Theory

The isospin-projected DFT technique [11,12,13]
utilizes the ability of the
self-consistent MF method to properly describe the balance between
the long-range Coulomb force and the short-range nuclear interaction,
represented in this work by the Skyrme-type energy density functional (EDF). To
remove the spurious isospin-symmetry-breaking effects, we use the
standard one-dimensional isospin projection after variation, which
allows us to decompose the Slater determinant into
good isospin states :

where denotes the Euler angle associated with the rotation operator about the -axis in the isospace, is the Wigner function [17], and is the third component of the total isospin . The normalization factors , or interchangeably the expansion coefficients that encode the isospin content of , read:

where is the so-called overlap kernel. For technical aspects concerning the calculation of the overlap and Hamiltonian kernels, we refer the reader to Ref. [13]. The isospin-projected DFT technique utilizes the ability of the HF solver HFODD [18] to produce fully symmetry-unrestricted Slater determinants .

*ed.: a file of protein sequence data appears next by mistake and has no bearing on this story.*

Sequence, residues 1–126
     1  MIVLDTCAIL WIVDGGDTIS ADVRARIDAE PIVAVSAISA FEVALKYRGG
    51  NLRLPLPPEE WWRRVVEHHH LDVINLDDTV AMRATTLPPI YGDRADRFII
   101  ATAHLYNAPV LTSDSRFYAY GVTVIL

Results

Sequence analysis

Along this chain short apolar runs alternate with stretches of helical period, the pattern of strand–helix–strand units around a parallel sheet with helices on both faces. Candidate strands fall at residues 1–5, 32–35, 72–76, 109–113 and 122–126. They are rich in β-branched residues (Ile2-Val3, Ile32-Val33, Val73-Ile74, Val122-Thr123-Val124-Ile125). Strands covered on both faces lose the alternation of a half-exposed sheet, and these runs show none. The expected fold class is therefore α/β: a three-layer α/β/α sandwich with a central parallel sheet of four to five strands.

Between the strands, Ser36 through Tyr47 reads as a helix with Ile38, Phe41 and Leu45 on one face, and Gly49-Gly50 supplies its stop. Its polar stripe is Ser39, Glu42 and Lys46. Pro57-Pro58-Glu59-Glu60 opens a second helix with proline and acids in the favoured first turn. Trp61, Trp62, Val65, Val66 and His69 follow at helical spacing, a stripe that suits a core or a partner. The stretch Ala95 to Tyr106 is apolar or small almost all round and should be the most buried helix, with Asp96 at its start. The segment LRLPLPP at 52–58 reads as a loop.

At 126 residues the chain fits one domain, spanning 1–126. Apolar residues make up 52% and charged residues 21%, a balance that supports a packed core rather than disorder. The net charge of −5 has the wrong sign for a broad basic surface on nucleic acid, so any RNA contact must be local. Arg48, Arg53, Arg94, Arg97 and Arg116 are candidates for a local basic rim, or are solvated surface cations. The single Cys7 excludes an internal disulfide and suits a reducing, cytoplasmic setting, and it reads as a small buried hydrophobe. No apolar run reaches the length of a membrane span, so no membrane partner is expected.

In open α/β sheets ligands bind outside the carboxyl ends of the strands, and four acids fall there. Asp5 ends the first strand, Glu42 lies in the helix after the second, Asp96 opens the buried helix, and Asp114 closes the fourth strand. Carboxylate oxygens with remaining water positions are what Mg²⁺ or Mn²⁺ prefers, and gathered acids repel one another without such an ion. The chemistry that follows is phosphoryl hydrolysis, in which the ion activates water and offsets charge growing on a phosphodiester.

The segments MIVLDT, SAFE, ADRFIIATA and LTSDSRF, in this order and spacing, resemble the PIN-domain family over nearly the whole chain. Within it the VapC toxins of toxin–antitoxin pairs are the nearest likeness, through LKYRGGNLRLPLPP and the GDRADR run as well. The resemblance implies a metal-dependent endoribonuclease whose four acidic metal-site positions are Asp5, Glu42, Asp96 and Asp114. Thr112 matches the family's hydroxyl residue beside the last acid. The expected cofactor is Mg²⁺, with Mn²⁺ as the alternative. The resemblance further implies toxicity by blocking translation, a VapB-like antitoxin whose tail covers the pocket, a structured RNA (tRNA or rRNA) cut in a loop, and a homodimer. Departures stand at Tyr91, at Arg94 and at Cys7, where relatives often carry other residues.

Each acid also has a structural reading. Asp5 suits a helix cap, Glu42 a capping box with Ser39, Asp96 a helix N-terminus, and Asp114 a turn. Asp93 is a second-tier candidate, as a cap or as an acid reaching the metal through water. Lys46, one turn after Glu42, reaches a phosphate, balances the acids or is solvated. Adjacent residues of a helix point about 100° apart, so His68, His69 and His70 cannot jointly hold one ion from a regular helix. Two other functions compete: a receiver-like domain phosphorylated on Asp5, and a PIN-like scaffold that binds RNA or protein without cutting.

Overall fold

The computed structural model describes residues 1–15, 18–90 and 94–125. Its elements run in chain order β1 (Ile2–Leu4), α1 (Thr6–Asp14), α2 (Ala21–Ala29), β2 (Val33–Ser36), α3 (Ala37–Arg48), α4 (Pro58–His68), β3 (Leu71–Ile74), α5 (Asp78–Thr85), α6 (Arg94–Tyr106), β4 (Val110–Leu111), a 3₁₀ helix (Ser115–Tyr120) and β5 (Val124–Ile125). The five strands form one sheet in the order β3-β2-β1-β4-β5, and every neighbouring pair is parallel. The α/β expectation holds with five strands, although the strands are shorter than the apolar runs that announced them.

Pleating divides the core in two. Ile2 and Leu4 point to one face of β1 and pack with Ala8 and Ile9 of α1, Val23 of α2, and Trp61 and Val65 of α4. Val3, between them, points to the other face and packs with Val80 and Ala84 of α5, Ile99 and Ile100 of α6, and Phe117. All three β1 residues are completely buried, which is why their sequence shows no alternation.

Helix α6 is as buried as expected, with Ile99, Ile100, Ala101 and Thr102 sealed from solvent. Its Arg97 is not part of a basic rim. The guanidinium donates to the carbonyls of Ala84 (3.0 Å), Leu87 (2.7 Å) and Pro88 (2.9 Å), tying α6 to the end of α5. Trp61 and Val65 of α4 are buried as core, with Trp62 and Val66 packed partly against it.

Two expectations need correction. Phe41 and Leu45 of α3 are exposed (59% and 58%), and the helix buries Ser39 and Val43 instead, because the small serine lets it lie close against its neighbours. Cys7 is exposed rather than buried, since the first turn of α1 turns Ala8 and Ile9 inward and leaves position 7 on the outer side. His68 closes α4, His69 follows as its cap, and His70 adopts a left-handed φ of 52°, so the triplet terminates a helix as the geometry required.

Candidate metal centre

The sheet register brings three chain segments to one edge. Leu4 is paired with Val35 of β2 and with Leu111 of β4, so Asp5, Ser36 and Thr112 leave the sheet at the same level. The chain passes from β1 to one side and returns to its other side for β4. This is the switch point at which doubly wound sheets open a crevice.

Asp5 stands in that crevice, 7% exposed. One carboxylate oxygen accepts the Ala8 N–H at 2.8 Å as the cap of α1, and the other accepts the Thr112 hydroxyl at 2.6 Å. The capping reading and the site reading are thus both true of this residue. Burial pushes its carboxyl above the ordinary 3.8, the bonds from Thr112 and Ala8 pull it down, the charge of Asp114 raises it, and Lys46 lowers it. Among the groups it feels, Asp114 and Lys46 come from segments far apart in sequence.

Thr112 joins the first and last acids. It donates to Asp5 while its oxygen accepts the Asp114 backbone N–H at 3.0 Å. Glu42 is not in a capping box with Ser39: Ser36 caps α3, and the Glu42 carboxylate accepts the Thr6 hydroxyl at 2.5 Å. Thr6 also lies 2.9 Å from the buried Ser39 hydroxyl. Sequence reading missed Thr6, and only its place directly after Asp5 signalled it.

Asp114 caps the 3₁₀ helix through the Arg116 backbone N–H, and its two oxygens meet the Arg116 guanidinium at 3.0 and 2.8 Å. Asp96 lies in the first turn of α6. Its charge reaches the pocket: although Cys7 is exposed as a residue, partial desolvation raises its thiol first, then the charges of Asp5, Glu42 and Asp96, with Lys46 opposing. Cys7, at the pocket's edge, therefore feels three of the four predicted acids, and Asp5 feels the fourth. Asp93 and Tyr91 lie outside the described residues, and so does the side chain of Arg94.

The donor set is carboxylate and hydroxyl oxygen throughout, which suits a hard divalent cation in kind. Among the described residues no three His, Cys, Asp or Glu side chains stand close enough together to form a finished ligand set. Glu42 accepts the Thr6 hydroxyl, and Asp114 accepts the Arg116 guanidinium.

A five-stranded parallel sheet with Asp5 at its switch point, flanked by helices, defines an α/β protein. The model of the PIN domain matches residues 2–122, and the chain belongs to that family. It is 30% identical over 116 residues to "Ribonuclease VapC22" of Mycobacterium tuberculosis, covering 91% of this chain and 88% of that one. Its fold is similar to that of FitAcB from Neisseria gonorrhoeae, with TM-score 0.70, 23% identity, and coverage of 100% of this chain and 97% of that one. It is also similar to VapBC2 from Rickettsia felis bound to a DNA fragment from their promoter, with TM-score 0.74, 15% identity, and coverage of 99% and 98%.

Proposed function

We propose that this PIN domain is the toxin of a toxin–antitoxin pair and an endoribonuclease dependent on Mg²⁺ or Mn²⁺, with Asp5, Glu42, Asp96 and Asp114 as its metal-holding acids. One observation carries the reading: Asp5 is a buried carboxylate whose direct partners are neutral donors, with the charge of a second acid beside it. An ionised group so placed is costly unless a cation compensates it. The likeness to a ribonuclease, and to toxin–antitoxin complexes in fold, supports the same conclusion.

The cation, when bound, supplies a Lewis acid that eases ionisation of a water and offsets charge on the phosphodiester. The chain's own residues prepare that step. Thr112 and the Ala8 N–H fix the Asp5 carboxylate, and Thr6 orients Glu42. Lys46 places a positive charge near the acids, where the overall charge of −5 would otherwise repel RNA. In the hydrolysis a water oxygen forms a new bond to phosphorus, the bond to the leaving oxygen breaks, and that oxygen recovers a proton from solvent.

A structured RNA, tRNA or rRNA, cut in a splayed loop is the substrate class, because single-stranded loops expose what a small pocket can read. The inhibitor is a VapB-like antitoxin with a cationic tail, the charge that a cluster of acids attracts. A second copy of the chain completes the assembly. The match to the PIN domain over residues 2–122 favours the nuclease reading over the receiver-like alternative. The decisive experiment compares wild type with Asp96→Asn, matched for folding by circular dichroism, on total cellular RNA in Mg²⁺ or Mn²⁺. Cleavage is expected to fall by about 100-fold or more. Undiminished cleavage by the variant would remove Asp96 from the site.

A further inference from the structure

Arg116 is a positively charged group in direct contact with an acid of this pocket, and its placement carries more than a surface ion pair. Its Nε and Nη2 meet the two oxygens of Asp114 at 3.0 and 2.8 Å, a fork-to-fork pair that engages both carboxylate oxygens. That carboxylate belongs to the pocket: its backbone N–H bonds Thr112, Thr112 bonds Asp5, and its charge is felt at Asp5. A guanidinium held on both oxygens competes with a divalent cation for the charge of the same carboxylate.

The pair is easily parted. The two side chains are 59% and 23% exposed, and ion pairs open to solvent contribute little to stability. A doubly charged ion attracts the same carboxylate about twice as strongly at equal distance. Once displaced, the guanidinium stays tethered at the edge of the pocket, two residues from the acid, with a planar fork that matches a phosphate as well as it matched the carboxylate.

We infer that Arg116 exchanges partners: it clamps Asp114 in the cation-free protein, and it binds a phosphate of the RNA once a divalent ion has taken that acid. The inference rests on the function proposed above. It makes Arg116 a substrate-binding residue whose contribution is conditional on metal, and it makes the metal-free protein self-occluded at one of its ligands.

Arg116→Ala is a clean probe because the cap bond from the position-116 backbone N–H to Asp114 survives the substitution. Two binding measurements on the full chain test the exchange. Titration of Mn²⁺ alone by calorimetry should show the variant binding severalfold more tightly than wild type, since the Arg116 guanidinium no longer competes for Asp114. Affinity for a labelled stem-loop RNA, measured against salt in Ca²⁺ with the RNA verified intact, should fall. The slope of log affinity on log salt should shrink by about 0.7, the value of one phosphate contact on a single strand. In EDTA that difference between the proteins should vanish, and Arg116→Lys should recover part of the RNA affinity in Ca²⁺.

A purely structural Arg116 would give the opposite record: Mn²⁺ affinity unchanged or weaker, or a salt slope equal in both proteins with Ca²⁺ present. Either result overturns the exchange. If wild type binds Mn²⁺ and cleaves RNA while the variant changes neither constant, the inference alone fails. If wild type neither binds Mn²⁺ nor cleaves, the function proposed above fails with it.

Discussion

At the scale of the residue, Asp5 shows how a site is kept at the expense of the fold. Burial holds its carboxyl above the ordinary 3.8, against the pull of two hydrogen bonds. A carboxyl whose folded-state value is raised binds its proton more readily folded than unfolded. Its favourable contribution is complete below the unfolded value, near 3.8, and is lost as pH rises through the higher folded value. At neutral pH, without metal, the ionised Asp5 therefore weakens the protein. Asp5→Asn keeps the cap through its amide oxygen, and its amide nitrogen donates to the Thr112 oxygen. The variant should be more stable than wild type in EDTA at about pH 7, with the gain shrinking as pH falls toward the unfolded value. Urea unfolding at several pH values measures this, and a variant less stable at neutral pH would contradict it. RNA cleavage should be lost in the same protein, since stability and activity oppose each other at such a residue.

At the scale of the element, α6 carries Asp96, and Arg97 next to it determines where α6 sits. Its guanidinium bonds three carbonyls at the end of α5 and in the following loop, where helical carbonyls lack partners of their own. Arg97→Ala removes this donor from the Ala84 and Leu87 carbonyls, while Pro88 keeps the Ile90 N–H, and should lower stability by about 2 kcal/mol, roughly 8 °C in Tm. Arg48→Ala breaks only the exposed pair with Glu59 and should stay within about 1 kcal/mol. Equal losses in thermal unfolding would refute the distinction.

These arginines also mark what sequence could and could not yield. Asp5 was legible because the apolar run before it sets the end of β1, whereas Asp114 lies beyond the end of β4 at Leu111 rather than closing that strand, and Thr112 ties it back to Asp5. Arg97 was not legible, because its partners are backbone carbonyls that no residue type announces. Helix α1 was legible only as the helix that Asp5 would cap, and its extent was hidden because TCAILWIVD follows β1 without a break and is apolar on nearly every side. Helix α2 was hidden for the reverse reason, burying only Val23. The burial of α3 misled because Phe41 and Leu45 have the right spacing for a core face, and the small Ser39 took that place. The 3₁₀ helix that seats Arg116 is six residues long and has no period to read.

The isospin projection determines the set of good isospin states
(called the *basis* in the following), which in the next step is used to rediagonalize
the entire nuclear Hamiltonian, consisting of the kinetic energy, Skyrme EDF,
and the isospin-breaking Coulomb force. The rediagonalization leads to the
eigenstates:

where stands for the squared norm of the dominant amplitude in the wave function . It is worth stressing that the isospin projection, unlike particle-number or angular-momentum projections, is essentially non-singular; hence, it can be safely used with the local EDFs. The rigorous analytical proof of this useful property can be found in Ref. [13].

The combined isospin and angular-momentum projection
leads to the set of states,

which are labeled by the index and by the conserved quantum numbers , , and [cf. Eq. (4)].